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Sermon: Make Themselves Heard

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Grace Presbyterian Church

September 8, 2019, Pentecost 13C

2 Chronicles 5:11-14

Make Themselves Heard

The book of 2 Chronicles (or its partner book 1 Chronicles for that matter) doesn’t show up in Sunday morning services that often. This book only appears once in the Revised Common lectionary, for example (and it’s not this passage), and 1 Chronicles doesn’t show up at all. Even if one were inclined to recount one of the stories included in either of these books, one would be more likely to find and use that story from the books 1 and 2 Samuel or 1 and 2 Kings, since the Chronicles books are in essence recapitulations of the accounts found in those books. For example, the event of which today’s reading is a part, the dedication of Solomon’s Temple, is also recounted in 1 Kings 8. One might almost wonder why the two books were preserved in canon at all.

However, the Chronicler (that’s the clever name that biblical scholarship has given to the unknown author of these two books) sees these events with a different eye, from a different historical perspective. Among other things, the Chronicler seems to have a fondness for the ritual and ceremony that surrounds major events in Israel’s history, a fondness which provokes him (or her, you never know) to include details and touches that escaped the eye of the authors of Samuel and/or Kings. It is this eye that provokes the inclusion of this short passage that constitutes today’s reading, one not found in the 1 Kings parallel reading. It’s a passage that carries a lot of weight (or should) for anyone who cares about the practice of music in the worship and ritual of the church.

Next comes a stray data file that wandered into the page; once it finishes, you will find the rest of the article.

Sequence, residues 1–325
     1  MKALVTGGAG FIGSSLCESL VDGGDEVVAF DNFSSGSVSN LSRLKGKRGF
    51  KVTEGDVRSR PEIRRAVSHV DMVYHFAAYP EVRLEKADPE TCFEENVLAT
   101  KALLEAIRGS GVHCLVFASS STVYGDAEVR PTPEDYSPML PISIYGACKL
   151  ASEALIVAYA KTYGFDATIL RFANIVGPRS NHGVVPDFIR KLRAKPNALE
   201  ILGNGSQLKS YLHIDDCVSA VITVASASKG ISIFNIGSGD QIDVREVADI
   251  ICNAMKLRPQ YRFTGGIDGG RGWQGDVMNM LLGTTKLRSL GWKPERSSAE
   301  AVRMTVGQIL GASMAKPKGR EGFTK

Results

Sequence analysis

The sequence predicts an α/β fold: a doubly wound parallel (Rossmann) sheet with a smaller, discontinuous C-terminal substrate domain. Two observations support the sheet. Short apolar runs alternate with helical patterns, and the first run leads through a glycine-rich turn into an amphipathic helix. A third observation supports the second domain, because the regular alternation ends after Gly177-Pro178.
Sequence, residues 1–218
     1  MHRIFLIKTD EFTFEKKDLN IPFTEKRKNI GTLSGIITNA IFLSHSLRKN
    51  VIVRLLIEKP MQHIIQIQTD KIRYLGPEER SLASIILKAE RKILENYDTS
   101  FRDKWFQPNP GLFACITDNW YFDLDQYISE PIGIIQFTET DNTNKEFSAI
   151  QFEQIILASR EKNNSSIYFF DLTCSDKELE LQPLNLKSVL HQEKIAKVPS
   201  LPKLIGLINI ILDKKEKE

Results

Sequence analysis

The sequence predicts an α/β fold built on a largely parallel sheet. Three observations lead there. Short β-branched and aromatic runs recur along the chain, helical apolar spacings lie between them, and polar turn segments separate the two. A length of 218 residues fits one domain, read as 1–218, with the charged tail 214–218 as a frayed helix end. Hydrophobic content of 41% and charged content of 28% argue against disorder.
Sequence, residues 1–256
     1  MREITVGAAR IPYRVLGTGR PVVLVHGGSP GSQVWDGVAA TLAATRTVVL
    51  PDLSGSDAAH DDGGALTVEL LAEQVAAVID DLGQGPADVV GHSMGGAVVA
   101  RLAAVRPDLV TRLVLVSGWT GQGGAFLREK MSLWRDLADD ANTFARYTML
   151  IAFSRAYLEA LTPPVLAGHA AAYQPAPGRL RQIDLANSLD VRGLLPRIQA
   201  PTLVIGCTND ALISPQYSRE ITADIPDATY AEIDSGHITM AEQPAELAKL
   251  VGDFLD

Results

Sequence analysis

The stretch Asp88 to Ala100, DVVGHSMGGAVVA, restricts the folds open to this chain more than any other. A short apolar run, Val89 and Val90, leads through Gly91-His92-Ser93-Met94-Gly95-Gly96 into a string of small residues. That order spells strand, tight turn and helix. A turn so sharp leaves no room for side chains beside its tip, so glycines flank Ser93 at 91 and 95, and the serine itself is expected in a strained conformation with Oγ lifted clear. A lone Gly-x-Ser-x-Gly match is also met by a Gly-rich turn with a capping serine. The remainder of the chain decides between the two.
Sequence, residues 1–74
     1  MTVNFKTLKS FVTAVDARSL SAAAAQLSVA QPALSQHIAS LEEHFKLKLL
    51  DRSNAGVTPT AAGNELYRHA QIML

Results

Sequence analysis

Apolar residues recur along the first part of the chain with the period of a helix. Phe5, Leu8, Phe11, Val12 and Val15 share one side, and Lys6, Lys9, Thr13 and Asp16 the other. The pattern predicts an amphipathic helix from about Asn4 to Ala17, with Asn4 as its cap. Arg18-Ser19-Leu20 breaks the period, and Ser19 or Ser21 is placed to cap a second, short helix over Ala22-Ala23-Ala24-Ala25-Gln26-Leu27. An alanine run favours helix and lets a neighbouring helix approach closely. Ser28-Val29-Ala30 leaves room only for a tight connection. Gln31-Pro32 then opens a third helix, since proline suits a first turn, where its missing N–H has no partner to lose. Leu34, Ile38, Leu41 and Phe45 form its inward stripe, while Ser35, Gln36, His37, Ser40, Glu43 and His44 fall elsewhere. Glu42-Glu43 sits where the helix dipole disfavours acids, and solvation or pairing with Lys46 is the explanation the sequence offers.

A little context: as noted before, this episode takes place during the dedication of what is most commonly known as Solomon’s Temple. Indeed it was built under Solomon’s reign, and that king himself offered the dedicatory prayers that constitute most of the reading that follows this excerpt. This is the Temple that would go to ruin when the eventually split kingdoms of Judah and Israel were conquered and led into exile; it was the Temple that was rebuilt after the return from exile that would be prominent in the stories we find in the New Testament.

But this is Solomon’s Temple, the one that King David had so longed to build only to be put off by God, who declared that it would not David but David’s son who would build it. The first chapters of this book (also the earlier chapters of 1 Kings) are taken up with the preparations for building the Temple, including description of the furnishings that would be placed in the Temple; finally in chapter 5 we get to the dedication of the Temple. The chapter begins with an account of what must have been a moving moment for the people of Israel: the placememt of the Ark of the Covenant itself, the very vessel that had contained the tablets of the Ten Commandments, the source of the Law itself. At long last, after its many years of wandering with the Israelites and being kept in a tent, the Ark was taking its place in what was meant to be the holiest site in Israel, as King David had envisioned.